Because of the rampant drug-related activity in Kentucky, there are certainly a number of death tolls that it has sustained in result. However, a bit of good news came when the Office of Drug Control Policy reported that there were fewer deaths associated with overdose in 2012 than in 2011. The majority of the overdoses recorded for 2012 in Kentucky were reported to be unintentional. The most common drug present in overdose cases was Alprazolam (Xanax). It was observed in nearly half the cases that involved autopsies. The average age of the overdose victims were 40 years, and the cases were seen predominantly in males.
What might be even more chilling is that Kentucky was reported in 2010 to be home to the most drug-related deaths in the entire nation. The deaths were not confined to certain types of people. In Mason County, a student passed away in April of 2010. In the Bracken/Robertson counties, a mother met her fate. Drug-related deaths are not prejudiced against people of more wealthy or esteemed lifestyles. Business owners, mothers, doctors, college students, and many other different types of people have met their fate at the hands of drug-related incidents.
Culprits for Kentucky’s Drug Problem
There are many proposed ideas as to why Kentucky has such a massive problem with narcotics and illegal drugs, particularly methamphetamine and prescription drugs. Particularly, methamphetamine is quite easy to manufacture from the inside of the home using common chemicals and ingredients. The primary ingredient in methamphetamine is pseudoephedrine, and it can be easily purchased over the counter at any major pharmacy. Because many of the ingredients to make meth are common, it is relatively inexpensive to manufacture – making it a great business opportunity for struggling individuals in poverty. Once it is manufactured, they can then sell it to clients for profit. Generally, a quarter of a gram of meth goes for $20-$25 on the street. This is an affordable, yet powerful drug that is easily attainable to most of the working class level individuals in Kentucky.
Likewise, prescription medication has become a rampant problem in Kentucky due to the ease of obtaining it. Prescription medication is often obtained with prescriptions from pharmacies, pain clinics, from connections to big pharmaceutical labs/companies, or even from the internet. Once the medication is obtained, it is then sold on the street for multiple times profit. Not all addicts to prescription medication get their drugs from dealers, however. Many addicts are users of prescription medication without even knowing it. For example, a middle-aged woman may have wound up in a serious car accident and sustained significant injuries in her back. In an effort to keep pain from the injuries sustained in the car wreck at a minimum, the woman’s doctor might prescribe her heavy duty pain medication. As time wears on, her back will more than likely restore to original health, but her body will have built a tolerance and addiction for the pain medication and she will wind up finding that she relies on it to live her life, regardless of whether she is in pain or not.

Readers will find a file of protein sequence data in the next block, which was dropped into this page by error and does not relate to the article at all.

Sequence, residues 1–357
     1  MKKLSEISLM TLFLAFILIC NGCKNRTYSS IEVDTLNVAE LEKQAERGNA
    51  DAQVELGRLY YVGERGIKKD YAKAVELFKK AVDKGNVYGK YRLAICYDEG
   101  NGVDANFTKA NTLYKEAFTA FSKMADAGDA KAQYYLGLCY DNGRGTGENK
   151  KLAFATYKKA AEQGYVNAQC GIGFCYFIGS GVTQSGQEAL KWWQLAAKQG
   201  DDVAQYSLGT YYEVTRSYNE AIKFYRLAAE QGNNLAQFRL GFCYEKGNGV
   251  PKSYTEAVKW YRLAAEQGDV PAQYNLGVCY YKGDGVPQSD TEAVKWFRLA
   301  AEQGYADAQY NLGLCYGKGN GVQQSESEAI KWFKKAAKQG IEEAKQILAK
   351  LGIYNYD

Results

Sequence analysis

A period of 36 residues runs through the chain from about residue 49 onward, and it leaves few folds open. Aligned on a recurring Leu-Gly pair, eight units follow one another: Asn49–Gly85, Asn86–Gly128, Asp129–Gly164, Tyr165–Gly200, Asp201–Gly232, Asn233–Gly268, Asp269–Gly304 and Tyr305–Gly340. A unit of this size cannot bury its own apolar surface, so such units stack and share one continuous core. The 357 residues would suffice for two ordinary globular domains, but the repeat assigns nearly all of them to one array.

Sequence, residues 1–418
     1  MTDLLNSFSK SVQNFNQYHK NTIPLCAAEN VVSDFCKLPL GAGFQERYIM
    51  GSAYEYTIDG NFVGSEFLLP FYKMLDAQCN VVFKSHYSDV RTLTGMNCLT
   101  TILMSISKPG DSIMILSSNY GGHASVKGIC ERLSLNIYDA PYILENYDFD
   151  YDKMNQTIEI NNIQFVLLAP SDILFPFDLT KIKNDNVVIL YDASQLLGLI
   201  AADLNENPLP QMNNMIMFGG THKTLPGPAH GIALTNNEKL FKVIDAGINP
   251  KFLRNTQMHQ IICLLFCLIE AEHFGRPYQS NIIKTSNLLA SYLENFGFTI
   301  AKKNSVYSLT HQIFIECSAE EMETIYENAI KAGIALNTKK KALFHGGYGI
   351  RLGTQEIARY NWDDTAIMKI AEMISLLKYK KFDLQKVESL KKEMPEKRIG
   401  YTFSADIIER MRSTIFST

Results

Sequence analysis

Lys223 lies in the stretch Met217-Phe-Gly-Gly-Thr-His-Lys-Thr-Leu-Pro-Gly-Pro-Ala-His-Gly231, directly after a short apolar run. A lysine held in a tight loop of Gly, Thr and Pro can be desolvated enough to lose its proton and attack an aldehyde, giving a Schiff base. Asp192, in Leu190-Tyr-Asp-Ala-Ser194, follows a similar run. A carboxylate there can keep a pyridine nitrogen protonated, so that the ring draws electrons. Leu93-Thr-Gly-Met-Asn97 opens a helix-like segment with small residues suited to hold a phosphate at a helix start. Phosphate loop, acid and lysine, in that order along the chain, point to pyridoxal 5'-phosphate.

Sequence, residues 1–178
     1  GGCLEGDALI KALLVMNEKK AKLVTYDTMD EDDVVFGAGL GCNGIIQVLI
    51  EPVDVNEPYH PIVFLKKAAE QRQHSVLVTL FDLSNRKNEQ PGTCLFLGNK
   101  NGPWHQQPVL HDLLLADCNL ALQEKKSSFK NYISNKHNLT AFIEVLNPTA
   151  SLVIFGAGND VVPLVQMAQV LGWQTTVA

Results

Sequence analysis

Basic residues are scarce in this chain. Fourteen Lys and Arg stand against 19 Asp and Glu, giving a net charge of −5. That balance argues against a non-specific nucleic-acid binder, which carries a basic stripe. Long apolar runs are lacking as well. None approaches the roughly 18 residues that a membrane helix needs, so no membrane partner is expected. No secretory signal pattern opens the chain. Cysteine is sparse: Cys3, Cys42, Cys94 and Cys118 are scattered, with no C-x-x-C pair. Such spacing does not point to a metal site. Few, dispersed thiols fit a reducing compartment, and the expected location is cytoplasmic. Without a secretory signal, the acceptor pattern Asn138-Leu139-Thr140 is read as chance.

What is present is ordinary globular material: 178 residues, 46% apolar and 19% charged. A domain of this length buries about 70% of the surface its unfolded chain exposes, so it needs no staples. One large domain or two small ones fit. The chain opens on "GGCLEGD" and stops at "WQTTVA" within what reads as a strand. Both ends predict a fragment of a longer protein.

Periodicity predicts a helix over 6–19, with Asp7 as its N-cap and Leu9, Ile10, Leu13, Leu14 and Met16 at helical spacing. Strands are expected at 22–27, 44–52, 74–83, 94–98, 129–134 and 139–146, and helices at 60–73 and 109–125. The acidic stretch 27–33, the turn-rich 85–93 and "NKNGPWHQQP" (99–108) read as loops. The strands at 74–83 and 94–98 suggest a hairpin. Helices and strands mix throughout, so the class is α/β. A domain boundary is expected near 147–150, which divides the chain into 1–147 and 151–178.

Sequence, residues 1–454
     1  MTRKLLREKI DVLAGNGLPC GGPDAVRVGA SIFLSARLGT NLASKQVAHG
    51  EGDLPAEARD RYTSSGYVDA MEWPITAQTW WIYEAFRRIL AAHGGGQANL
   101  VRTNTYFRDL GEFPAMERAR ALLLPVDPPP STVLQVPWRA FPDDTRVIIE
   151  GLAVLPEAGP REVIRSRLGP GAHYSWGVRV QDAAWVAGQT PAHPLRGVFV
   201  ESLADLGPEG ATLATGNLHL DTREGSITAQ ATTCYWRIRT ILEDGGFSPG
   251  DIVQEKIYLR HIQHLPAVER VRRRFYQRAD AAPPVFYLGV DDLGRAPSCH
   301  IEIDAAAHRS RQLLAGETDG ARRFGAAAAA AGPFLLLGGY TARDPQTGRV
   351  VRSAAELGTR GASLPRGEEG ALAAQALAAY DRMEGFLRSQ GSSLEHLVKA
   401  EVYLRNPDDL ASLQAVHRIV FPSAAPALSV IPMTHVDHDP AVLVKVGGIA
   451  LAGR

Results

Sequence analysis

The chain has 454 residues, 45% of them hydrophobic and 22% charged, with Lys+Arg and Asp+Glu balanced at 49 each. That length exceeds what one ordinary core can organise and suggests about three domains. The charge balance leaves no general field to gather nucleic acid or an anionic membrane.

Kentucky has also been reported by many reputable news agencies to be the second most miserable state in the nation, according to a recent study. Misery and poverty have been proven time and time again to be directly linked to drug abuse. From this study, Kentucky was also found to be the most dependent state on prescription drugs in all of the nation. Almost 20 prescriptions per capita were filled in 2011.
Not only was Kentucky reported to be the second most miserable state in the nation, it also ranked in first for a handful of other unhealthy behavior. The tobacco usage was among the highest in the country, and almost 30% of respondents to the study stated that their health issues kept them from living regular lives.